I’ve clambered on rocky shores with the moonlight on my side many times over. Stopping from time to time, I’ll look up, not only to catch my breath and assess the route ahead, but to absorb the wonder of the pellucid cyan at the crest of an oncoming wave.
‘They can be an irritant,’ my grandmother once told me. ‘They take a long time to dry and are difficult to wash off your hands!’
And so, courtesy of my grandmother’s brief angst towards oil paints, I didn’t touch the medium for twenty years. How impressionable children can be.
Yesterday I found some old oil paints in my friend’s paint box.
There’s nothing quite like painting the ocean. I wanted to be on that ship, with the waves crashing overhead and the taste on salt on my tongue, until I remembered my stomach.
Heading north from Victoria, we soon found ourselves in a landscape dictated by the trees and the ocean. Pacific waves – each infused with an eruption of translucent, turquoise light as they built in height – lurched onto the pebble beach with a crashing of foam, so raucous that I could do little else but marvel at their force.
We were midway along the Juan de Fuca Marine Trail, one of several long distance coastal walks on Vancouver Island, stretching for 47 kilometres through ancient, mossy woodland and across storm-scarred beaches.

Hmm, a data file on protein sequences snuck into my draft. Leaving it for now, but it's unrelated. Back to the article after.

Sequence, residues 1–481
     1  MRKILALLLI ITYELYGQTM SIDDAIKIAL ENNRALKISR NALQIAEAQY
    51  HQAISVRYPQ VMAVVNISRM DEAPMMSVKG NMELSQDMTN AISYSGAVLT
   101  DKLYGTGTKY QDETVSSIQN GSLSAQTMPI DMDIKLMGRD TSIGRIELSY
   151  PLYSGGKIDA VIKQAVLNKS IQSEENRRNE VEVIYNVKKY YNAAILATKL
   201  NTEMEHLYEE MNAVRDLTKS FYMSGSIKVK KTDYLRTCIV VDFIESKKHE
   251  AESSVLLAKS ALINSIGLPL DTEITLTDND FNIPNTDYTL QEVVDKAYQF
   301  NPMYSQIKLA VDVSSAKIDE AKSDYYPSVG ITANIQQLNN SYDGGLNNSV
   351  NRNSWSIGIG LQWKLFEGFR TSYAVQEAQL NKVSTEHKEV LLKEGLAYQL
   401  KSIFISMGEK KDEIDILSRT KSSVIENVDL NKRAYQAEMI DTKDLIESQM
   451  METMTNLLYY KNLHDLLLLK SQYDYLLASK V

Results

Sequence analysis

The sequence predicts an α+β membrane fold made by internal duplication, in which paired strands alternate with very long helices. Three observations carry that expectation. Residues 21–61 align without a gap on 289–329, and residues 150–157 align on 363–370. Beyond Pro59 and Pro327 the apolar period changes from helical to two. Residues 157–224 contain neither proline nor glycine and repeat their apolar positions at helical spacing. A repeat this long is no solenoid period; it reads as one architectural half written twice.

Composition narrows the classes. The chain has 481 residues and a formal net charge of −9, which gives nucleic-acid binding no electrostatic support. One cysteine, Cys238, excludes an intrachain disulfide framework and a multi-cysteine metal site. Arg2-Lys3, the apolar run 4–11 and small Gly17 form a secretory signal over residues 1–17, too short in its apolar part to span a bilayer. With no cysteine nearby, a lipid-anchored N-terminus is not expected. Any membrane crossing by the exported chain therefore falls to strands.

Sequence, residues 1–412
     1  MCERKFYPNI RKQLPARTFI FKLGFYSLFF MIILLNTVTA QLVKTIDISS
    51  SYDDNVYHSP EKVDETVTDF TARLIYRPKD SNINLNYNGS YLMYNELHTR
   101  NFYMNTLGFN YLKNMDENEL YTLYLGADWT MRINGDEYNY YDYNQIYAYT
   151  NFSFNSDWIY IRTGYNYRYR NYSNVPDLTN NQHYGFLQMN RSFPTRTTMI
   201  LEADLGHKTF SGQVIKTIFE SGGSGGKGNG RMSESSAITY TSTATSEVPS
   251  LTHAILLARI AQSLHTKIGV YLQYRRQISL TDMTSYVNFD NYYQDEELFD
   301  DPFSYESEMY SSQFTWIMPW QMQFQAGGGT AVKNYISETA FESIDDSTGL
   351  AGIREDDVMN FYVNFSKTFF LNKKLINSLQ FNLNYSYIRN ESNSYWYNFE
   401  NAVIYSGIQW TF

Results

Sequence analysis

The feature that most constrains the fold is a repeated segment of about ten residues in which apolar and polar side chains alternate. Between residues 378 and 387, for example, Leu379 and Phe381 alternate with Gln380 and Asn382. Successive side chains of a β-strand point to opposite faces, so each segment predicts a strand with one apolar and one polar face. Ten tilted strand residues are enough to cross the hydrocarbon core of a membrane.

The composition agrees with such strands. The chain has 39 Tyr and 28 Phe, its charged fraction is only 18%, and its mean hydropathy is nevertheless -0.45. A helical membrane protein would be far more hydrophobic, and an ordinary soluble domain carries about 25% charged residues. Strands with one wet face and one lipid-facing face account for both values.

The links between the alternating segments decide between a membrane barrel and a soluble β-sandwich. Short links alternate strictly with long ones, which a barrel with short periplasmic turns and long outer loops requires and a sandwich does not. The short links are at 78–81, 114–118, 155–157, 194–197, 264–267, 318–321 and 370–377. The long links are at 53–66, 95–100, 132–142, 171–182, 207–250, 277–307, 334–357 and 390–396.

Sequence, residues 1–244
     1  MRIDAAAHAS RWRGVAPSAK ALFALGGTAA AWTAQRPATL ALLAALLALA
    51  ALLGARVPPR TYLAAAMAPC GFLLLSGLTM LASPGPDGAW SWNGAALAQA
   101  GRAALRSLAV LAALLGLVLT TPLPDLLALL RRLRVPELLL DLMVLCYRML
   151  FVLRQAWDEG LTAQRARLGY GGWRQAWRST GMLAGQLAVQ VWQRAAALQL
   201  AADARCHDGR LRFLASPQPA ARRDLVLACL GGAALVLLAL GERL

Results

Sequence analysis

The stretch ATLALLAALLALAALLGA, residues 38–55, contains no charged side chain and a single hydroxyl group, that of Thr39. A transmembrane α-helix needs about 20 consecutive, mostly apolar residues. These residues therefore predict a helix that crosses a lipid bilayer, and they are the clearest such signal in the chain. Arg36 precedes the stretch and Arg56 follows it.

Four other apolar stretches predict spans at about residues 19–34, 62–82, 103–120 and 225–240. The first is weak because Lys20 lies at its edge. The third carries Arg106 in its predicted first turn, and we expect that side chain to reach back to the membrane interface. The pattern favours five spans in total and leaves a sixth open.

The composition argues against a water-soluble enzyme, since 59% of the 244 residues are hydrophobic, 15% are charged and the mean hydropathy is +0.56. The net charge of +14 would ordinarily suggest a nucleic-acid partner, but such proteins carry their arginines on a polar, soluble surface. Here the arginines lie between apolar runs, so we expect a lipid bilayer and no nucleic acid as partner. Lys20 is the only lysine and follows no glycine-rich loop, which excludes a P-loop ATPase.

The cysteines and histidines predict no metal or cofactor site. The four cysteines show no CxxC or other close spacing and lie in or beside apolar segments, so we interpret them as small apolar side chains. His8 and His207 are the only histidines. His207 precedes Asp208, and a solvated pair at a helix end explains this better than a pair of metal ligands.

Without ambition, other than to absorb our surroundings, we pitched our tent beneath a conifer on the water’s shore, before finding the path.
From the curious head of a harbour seal riding the ocean swells, to caves, spilling waterfalls, towering cedars and blankets of oyster mushrooms, we followed the path at a pace no faster than our natural gait. Indeed, with such a stimulating environment encompassing our steps, it took us some three hours to cover just a few kilometres.
We spent the evening perched within the crags of a lone rock, each of us deep in thought as the waves – now blackened, save for the acceptance of moonlight at their crests – jostled below.
Though I have only walked bits of the Juan de Fuca trail here and there, I have little doubt that a journey along its entirety would be an endeavour without regret.
Some walkers like to complete the route in just two or three days, whilst others find the charm of the path so great that it takes them a week to complete. There are basic camping spots all along the trail, and drinking water can be collected and treated from the dozens of courses that cut the path. The Juan de Fuca Marine Trail is a wilderness walk, meaning that all supplies must be taken in, and so too removed. With consistent undulation, slippery rocks and the potential for adverse weather conditions, the path is by no means a predictable plod and those hiking it should have the necessary gear and fitness levels.